They say living well is the best revenge. We’ll find out Friday night if that’s enough for fans of the Toronto Blue Jays when former manager John Farrell returns to the Rogers Centre.
If “living well” means having a new-look roster and being expected to makes the playoffs for the first time in 20 years, Toronto fans should be happy. But that’s almost certainly not the case. The Blue Jays’ former manager-turned-villain will surely be greeted with a chorus of boos when he takes the field with the Boston Red Sox.
Farrell went 154-170 in his two seasons as the skipper in Toronto before bolting for his “dream job” in Boston last October. Farrell was traded to the Red Sox for infielder Mike Aviles, who was later shipped to the Cleveland Indians.
There was anger and resentment in Toronto. According to the Boston Herald, Canadians don’t like being scorned:
“Somewhere along the road from Toronto to Boston, John Farrell became a bad guy to Canadians last year.
One critic mentioned this spring that the opinion is more of a Canadian habit than based on anything terrible Farrell did in his exit as Blue Jays manager to become the Red Sox boss.
Canadians don’t like it when anyone leaves Canada. It happens too often and those that stay have a complex about it, according to the one loyalist.”
There’s certainly some truth in that statement, but those feelings are amplified in the world of sports fandom, on either side of the border. Think the feeling wouldn’t be the same in New York or Boston if a manager split for a division rival?
It will all make for an interesting and perhaps volatile atmohphere Friday night whenever Farrell makes an appearance on camera or on the field. The irony, of course, is that Blue Jays fans don’t really have a lot to be angry about any more.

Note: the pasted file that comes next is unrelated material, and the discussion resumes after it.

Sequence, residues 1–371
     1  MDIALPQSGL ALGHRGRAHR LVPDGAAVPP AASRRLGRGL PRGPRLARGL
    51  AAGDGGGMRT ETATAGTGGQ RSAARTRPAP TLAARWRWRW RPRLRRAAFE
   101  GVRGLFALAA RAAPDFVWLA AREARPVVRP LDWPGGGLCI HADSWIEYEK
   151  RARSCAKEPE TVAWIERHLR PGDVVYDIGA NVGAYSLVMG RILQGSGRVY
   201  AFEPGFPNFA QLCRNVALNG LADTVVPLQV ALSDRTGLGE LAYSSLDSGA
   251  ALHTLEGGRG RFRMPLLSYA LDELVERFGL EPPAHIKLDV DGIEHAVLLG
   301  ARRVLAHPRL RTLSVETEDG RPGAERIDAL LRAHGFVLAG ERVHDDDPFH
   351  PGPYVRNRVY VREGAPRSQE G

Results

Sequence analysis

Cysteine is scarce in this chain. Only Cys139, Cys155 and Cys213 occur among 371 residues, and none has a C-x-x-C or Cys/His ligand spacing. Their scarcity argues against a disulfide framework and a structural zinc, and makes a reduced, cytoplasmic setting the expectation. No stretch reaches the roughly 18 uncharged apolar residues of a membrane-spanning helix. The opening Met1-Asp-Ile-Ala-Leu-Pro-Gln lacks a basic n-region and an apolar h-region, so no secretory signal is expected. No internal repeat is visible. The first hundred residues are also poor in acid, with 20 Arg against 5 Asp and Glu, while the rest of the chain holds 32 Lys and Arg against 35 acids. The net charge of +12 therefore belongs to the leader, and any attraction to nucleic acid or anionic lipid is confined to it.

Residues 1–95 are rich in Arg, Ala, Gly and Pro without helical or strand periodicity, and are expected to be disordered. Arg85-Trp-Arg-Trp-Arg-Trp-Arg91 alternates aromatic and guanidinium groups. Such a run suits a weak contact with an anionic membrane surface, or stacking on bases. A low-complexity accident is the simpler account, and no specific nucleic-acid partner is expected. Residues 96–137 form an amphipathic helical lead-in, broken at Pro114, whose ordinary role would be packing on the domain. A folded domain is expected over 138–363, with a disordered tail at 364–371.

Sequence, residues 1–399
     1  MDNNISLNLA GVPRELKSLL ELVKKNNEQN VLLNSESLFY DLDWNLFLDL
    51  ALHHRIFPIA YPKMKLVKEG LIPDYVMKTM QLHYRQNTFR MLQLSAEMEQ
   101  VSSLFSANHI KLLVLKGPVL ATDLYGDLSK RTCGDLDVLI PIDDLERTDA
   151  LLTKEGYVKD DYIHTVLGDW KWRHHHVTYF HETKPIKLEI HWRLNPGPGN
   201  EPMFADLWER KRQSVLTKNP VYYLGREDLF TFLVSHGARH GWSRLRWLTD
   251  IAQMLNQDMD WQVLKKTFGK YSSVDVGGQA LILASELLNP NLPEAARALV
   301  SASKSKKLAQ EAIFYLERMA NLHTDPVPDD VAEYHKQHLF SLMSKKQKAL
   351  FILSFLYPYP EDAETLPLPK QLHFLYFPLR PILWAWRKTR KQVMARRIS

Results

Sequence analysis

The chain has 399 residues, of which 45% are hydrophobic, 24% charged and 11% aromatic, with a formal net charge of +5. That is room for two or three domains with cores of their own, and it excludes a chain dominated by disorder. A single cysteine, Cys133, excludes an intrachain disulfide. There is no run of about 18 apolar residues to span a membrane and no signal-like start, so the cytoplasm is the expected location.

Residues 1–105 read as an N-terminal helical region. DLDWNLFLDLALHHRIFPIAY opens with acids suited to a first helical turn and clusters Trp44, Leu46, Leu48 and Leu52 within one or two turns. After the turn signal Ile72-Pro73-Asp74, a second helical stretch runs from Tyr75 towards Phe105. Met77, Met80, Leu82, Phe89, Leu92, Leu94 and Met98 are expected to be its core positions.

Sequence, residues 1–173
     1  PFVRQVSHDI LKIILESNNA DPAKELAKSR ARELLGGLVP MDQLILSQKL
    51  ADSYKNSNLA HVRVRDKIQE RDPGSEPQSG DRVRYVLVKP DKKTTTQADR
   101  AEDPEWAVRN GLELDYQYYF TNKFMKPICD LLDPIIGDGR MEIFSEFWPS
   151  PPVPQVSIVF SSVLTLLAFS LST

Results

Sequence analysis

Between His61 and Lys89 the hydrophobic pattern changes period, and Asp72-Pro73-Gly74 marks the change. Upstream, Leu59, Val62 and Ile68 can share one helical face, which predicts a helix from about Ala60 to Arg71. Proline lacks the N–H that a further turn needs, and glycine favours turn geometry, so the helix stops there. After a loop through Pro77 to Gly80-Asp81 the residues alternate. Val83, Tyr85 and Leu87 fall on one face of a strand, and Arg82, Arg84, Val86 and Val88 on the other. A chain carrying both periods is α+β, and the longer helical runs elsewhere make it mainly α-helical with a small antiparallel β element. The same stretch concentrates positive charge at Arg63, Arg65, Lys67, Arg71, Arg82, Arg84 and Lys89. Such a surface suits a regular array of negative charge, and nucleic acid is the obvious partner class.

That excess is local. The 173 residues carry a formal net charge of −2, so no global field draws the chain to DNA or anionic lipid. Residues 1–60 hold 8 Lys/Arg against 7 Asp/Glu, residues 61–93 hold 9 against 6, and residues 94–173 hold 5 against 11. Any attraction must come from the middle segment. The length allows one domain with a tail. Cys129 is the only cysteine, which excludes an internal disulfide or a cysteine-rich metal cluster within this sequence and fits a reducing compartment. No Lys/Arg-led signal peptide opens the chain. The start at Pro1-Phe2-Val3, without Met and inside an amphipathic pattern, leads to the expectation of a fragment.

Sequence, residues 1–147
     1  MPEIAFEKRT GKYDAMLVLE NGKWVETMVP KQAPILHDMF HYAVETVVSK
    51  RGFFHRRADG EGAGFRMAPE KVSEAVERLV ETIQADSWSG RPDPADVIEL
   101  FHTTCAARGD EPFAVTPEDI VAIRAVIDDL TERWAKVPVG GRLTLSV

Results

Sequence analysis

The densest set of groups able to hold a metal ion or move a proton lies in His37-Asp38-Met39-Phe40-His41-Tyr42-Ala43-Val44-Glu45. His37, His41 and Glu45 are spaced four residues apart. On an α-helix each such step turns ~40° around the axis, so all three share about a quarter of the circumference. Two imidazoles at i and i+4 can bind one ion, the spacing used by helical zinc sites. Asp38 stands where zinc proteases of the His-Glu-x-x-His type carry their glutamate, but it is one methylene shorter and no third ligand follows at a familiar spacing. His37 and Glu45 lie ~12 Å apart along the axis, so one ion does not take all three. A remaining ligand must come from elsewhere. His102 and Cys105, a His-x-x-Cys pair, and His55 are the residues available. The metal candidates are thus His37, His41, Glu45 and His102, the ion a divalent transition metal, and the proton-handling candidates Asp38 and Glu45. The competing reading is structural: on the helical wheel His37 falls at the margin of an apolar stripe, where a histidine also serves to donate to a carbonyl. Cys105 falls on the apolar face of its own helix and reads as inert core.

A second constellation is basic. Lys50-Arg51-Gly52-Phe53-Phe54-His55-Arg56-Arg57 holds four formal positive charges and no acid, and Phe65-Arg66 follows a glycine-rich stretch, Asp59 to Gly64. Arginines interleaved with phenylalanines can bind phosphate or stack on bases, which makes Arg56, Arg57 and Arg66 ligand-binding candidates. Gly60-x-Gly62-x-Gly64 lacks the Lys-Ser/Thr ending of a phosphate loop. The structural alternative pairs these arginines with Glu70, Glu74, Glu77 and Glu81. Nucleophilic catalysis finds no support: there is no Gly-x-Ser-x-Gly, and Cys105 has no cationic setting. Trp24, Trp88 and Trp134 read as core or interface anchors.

A lot has changed since October. The Blue Jays reloaded their roster shortly after Farrell left. They made a blockbuster trade with the Miami Marlins to acquire Jose Reyes, Mark Buerhle, Josh Johnson and Emilio Bonifacio. They signed Melky Cabrera and traded for reigning National League Cy Young winner R.A. Dickey. It all makes for an impressive roster, on paper, for new Blue Jays manager John Gibbons – one with the kind of talent Farrell could only have dreamed about during his short tenure.
That won’t stop fans from letting Farrell know how they feel about him. As many have pointed out, including Blue Jays reliever Darren Oliver, it’s not that he left, “It’s the way he left.” Farrell acknowledges that and expects a chilly reception. Again, from the Herald:
“In this case, with how things unfolded, the unique set of circumstances that surround both the change in Toronto and here in Boston, I can fully appreciate that they [fans] might have those feelings,” said Farrell. “What might come out of it, we’ll see.”
Farrell dream job meant taking over a Red Sox team in transition. They went 69-93 in 2012 under Bobby Valentine and finished in last place in the AL East for the first time since 1992. Farrell was the pitching coach in Boston under Terry Francona from 2007 to 2010 and won a World Series ring in 2007.
The Red Sox are off to a 2-1 start after winning their season-opening series in New York. The Blue Jays meanwhile won just one of three against the Indians. For that, fans should boo on Friday. Boo because the Red Sox are a division rival with two World Series wins in the last decade.
Boo Farrell early and get on with the business of baseball. Take pleasure in the assumed demise of the Sox and what’s expected to come for the Jays. Then let it go. As Sportsnet’s Shi Davidi so eloquently put it:
“Having [Farrell] visit after the off-season the Blue Jays had is like running into your ex-girlfriend at a party with Mila Kunis on your arm and a Ferrari in the driveway.”
Well said. Also, don’t boo Brian Butterfield.